Study Group releases “Feasibility of a Non-commercial Marine Fishing Registry, Permit, or Licensing System in Hawaii”

Hncmf_final_report-coverawai‘i’s fisheries are indispensable to the State’s environment, economy, food security, and culture. Hawai‘i’s fisheries require well-informed management with an adequate capacity to ensure that the resources exist for future generations. The Hawai‘i State Legislature has periodically examined what a non-commercial marine fishing license may be able to offer to address these needs. Hawai‘i remains, however, the only coastal U.S. state without a mandatory non-commercial marine fishing registry, permit, or license (“RPL”) system, because these previous attempts to enact an RPL system have been unsuccessful.
To better understand the issues relevant to an RPL system, Conservation International Hawai‘i (CI Hawai‘i) and the Western Pacific Regional Fishery Management Council (“Council”) invited individuals from different fishing organizations and interest groups to serve as members of a Study Group to undertake a fresh examination of the RPL system issues. These individuals have diverse knowledge and experience and worked together over much of 2016 to gather and analyze information to better understand the implications of any prospective RPL system.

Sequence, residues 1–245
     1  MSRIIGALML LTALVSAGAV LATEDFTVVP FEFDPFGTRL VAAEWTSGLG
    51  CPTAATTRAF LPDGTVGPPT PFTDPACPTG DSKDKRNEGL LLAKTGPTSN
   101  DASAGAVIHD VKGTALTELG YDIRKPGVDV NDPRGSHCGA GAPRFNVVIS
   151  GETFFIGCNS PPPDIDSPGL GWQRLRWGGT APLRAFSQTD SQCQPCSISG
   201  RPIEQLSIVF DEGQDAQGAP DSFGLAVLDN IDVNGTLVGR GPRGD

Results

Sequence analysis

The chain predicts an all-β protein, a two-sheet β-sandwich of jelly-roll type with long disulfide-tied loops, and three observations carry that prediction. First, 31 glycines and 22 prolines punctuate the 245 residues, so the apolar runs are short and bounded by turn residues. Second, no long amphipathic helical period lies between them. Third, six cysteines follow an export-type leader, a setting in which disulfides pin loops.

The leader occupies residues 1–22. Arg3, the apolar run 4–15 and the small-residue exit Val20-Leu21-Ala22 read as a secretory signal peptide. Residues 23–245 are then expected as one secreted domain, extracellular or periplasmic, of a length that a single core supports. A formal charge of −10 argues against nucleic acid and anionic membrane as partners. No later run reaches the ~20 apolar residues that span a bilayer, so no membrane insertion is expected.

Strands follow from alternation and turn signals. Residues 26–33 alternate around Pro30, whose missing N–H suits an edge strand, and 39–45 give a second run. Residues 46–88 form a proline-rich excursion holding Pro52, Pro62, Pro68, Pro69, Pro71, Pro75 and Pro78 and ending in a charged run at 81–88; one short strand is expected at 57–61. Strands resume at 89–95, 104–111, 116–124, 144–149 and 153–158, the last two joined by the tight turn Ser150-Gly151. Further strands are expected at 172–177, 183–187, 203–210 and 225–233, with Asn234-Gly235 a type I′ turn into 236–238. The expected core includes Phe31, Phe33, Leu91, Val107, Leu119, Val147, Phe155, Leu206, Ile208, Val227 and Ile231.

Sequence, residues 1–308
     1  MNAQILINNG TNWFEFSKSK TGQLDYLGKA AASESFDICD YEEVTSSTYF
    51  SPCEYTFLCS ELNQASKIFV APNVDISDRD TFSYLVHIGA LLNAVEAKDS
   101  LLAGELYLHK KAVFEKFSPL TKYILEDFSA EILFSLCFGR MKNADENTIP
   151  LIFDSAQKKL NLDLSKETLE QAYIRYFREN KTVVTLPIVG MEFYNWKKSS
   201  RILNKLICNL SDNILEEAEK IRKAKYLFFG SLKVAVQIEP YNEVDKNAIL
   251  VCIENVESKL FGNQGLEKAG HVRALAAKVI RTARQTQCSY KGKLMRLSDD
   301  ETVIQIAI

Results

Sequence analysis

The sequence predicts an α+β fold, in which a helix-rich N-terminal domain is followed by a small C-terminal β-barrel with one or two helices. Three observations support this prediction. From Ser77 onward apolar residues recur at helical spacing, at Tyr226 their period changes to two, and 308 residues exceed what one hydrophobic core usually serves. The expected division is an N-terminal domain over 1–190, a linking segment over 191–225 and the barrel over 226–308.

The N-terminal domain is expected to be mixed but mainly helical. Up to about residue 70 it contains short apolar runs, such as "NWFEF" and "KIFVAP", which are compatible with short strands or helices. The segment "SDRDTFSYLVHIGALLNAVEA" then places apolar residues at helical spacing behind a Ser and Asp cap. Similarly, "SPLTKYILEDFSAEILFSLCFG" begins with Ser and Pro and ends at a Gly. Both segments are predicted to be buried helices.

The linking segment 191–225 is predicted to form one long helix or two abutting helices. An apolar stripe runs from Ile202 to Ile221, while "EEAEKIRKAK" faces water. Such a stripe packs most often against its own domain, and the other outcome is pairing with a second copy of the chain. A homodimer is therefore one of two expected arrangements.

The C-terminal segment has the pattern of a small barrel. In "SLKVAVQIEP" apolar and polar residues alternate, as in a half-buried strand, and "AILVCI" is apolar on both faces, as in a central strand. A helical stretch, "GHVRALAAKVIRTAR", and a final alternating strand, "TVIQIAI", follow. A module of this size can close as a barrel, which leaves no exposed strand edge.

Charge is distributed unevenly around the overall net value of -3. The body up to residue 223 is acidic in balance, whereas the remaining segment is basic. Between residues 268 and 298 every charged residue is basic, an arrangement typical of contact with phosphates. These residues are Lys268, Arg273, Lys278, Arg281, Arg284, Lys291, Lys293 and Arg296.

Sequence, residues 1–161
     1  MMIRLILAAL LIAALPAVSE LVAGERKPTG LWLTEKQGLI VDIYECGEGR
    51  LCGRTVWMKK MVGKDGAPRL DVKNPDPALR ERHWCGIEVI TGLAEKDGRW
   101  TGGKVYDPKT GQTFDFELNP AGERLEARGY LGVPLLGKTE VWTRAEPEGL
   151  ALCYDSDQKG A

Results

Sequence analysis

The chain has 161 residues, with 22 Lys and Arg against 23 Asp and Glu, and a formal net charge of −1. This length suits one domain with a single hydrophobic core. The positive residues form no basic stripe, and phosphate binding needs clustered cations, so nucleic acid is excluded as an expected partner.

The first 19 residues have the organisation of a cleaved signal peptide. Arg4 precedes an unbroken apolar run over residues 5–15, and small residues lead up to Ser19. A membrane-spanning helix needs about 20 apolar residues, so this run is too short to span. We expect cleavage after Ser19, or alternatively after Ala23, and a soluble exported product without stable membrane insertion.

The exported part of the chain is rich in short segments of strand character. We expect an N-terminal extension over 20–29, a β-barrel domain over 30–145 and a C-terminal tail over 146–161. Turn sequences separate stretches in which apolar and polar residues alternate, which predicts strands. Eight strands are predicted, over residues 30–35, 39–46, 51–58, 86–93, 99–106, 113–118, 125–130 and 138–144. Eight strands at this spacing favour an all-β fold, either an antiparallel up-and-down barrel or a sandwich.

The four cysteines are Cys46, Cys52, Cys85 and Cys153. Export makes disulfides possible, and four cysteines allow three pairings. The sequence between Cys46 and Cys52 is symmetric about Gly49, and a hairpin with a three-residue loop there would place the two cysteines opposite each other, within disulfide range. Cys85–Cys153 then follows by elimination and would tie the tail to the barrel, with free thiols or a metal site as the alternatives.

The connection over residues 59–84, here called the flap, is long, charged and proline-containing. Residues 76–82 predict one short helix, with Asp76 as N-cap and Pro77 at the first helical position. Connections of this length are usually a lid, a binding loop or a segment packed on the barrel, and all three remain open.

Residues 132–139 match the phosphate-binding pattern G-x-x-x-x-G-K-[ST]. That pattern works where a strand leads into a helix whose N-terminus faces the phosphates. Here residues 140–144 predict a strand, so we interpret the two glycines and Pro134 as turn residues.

The Study Group focused on evaluating any potential RPL system based on its ability to meet three primary objectives: (1) provide additional and more robust data to support fishery management; (2) foster two-way dialogue between fishers and managers by identifying the universe of non-commercial fishers in Hawai‘i and developing approved communication pathways; and (3) create a source of independent, continuous funding to support effective fisheries management. The Study Group examined several RPL system options, including those enacted by other states, that might meet the above-stated objectives and sought to analyze the respective advantages and disadvantages of each. The group also reviewed the results of legal and financial analyses of some or all of these RPL system options, interviewed fisheries managers in other coastal states, and focused outreach efforts on certain unique stakeholders and rights-holders.

To read the report click below:

Final Study Report

Appendix A

Appendix B

Appendix C

Appendix D

Appendix E

Appendix F

Appendix G

Appendix H

Appendix I